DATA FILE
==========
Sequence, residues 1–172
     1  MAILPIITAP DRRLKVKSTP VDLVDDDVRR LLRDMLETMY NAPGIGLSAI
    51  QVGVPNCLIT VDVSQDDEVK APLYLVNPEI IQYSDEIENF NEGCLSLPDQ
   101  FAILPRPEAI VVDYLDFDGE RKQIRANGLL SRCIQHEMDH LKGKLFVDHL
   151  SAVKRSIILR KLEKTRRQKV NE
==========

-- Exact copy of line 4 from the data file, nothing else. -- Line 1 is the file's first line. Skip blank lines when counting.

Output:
   101  FAILPRPEAI VVDYLDFDGE RKQIRANGLL SRCIQHEMDH LKGKLFVDHL